Lectura

Benefits of shepherding in the Ecosystem

Shepherding is one of the most traditional professions in the world and, although today in developed countries it is a job in disuse, it employs more than 200 million people in more than 100 countries. In the face of the rise of intensive livestock farming and the ecological problems it entails, shepherding has become an incentive to improve the life of the planet and society, defending productivity, sustainability, and animal welfare.

These are the benefits of shepherding in the Ecosystem:

  • Diversifies food production

    Due to population growth and consumer demands, meeting the needs for milk and meat has led the food industry to abuse intensive livestock farming. The availability of natural resources is becoming increasingly scarce and intensive livestock farming is one of the main contributors to the climate crisis. That is why methods such as shepherding offer an opportunity to diversify food production and obtain affordable quality protein and nutrients to meet local demand and help reduce a country’s dependence on imports.

  • Takes action against climate change

    According to several studies, grazing lands have the potential to offset carbon levels by stimulating plant growth. In addition, grazing can be useful for using crop residues as feed and distributing animal manure as fertilizer.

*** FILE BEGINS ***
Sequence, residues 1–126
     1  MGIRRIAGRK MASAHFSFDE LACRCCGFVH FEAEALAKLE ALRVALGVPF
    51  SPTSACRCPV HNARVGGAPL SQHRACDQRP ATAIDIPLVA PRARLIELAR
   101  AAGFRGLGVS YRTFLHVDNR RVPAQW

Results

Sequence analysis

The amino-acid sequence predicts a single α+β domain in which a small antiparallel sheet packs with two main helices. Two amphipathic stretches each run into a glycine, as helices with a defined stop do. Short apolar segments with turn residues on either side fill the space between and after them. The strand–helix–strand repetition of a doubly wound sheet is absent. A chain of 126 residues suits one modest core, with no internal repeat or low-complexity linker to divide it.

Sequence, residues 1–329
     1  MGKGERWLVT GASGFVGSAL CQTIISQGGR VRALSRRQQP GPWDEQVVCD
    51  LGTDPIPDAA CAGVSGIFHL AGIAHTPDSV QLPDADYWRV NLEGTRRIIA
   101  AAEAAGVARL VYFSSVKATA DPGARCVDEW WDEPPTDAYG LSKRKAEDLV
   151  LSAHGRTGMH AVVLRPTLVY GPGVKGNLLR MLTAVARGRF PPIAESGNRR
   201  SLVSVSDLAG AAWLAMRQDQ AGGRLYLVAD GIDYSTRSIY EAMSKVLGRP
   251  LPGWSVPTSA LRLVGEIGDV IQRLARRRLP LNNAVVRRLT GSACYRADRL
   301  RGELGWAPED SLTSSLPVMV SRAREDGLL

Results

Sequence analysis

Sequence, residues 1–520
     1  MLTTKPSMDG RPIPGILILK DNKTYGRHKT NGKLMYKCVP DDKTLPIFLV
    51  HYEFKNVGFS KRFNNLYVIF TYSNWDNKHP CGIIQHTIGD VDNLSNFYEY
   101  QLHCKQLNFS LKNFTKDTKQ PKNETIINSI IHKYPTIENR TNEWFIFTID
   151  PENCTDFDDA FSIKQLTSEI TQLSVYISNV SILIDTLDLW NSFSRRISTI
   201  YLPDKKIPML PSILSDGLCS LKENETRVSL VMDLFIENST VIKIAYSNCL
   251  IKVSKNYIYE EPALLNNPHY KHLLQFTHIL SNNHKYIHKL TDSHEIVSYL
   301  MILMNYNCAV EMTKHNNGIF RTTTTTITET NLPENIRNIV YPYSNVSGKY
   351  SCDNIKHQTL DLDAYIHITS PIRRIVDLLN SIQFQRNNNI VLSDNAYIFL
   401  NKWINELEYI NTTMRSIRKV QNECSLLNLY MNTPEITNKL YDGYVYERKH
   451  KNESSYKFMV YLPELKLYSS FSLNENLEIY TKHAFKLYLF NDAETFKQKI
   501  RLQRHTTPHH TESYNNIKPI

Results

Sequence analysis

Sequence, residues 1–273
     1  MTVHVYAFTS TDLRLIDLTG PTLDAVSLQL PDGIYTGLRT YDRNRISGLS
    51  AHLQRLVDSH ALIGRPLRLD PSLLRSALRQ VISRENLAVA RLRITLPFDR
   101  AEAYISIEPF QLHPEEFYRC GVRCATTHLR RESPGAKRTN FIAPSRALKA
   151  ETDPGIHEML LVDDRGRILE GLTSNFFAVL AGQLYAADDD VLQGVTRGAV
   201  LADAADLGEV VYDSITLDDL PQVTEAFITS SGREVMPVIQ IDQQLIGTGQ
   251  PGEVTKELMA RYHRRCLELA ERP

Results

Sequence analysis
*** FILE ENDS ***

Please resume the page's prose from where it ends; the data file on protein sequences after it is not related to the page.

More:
• Promotes biodiversity conservation

    Extensive shepherding contributes to the conservation of biodiversity, as it facilitates the dispersion of plant species through livestock excrement. In addition, there are a multitude of animal species whose existence is directly associated with sheep.

  • Strengthens the labor force and provides employment opportunities

    Boosting policies and investments for shepherding can generate significant economic and social benefits, as well as helping to end the depopulation of rural areas.

  • Helps the growth and conservation of forest and grassland areas

    As mentioned in another point, ruminants facilitate the dispersal of plant species and the germination of seeds. In addition, they also prevent the growth of weeds and other plants that can weaken the growth of trees and help prevent forest fires by removing dry biomass from forests.

The changes in society and in our planet are undeniable and the adaptation of the agricultural sector is more than necessary. That is why knowledge and training in relation to sustainability in the agribusiness sector is essential for all agribusinesses. In our Master in International Agribusiness Management we have a module focused on the sustainability of the sector and the challenges and solutions that agribusinesses must face.
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